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Easy Use Network Monitoring Software

As a consumer that is not heavily computer literate, I am always looking for things that can help me when I start having connectivity issues with my computer. For a long time, I thought even a mild problem meant that I would need to bring my tower to the shop to have it looked at and fixed up. This is something that is very costly to do!

Lately, I have been growing a bit more computer literate with online work, through online gaming, and from talking to the computer repair people at the local repair shop. Using what I had learned, I recently got into looking for a network monitoring software for the house because I had noticed serious lag issues.

Using the software for network monitoring, I could see things I couldn’t observe before without using alt-ctrl-delete. The program tracked my information flow for me, as well as operations on my computer, while I was using high-end software that challenged my computer’s capacity, such as online games. This helped me to track just how much I am losing, or if I was pushing my computer too hard and the fault was there.

For a person that is not strong with computer technology, it is a nice software to have, especially since it isn’t a memory hog like Task Manager. It also helped that I could set it to run at intervals I selected, and I could set it to and record its pass/fail rates, as well as dead rates (if any). This allows you to inspect many aspects of your network all at once. 

While using the software, I was happy to find that my desktop computer tower’s health was fine, and I was not pushing it to its limits -- it had not failed a single test cycle. On the other hand, though, I saw that the Internet connectivity was hurting more than I thought. It was losing 100% of the packets sent about 1/3rd of the time.

By using the program’s monitoring system, I could still see the other computers on the LAN network without difficulty. The observation of other house computers connected to the router revealed that they had not dropped their connection, either.

This gave me a good idea where the issue is located -- and it was someplace I would not have rushed to look at right away. I would start with the tower’s hardware and software looking for issues instead of the broadband box and the lines leading to the exterior WAN connection, which is where the difficulty proved to be located. 

I was quite pleased with the tool and could see its application in areas where there are many computers working all at once. It could be used to pinpoint which computer might be having issues.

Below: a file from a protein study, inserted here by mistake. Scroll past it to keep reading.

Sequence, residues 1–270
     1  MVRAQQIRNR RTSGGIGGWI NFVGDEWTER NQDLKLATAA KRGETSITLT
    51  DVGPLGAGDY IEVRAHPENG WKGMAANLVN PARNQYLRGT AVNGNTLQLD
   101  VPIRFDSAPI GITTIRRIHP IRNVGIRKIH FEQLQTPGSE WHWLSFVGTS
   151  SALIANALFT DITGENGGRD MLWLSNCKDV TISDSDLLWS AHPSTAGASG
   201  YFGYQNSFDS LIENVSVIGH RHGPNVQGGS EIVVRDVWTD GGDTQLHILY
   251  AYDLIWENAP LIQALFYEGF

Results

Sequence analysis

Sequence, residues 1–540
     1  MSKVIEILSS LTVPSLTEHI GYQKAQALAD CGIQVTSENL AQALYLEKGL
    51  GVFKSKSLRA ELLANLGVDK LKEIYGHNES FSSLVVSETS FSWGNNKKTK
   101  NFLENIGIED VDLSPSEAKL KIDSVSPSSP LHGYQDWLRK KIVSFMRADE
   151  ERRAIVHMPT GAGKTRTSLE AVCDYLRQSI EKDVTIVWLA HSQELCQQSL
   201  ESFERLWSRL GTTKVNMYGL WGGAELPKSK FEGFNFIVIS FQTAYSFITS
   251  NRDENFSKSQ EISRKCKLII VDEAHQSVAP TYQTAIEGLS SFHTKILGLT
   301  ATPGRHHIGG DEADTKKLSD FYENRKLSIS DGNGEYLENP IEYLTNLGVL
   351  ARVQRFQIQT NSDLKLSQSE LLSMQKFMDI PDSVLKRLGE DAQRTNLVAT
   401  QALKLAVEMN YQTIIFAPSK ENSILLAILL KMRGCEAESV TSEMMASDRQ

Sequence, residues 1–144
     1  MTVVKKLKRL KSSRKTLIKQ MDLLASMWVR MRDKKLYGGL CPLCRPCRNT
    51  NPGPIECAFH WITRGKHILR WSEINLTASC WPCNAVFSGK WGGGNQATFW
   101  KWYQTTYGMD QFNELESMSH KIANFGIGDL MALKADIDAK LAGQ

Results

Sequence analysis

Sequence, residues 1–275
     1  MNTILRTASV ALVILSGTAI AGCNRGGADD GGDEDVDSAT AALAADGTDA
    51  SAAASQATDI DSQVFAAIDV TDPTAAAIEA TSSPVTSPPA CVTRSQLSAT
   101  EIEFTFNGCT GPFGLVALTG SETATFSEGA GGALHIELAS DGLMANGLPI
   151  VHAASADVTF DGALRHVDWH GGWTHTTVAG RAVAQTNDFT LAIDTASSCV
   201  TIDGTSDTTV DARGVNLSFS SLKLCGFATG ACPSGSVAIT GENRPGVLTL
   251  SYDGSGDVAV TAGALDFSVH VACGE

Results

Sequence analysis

Though the software revealed the issues and recorded them for me to look at, so I can see the rates, I did find it lacking something. That something was a fix for any problem it had found. If it was a software issue, it would not say what it was or how to fix it. It offered no suggestions about how you can go about fixing your router if it was not fully working properly. This was by far my biggest negative criticism for the software. It is also the main problem I found with the free trial of the whole program, which I was using. Still, it had pointed me to the problem in our house network.

Having something that can keep an eye on the health of a network is something that is usually an issue for companies or organizations. As families acquire more computers, this troubleshooting and tracking activity can become important at home, as well. It works for small home networks as well as large ones.

It can pinpoint a problem at the source, without requiring a great deal of time and money. It can show if the fault is at the network hub, on a single computer, or if the outbound information is slow or congested. It doesn’t matter if it is for writing and uploading work to your office or playing games, sudden connectivity drops can be a productivity killer for anyone.


Adam Edmond is a technology writer, and previously a software developer. He is a Masters graduate of the National Technical University of Ukraine in Applied Mathematics (department of system programming and specialized computer systems) and having worked as a software developer for Ciklum, he is now based in the USA as a contractor, and loves writing and sharing his experiences.


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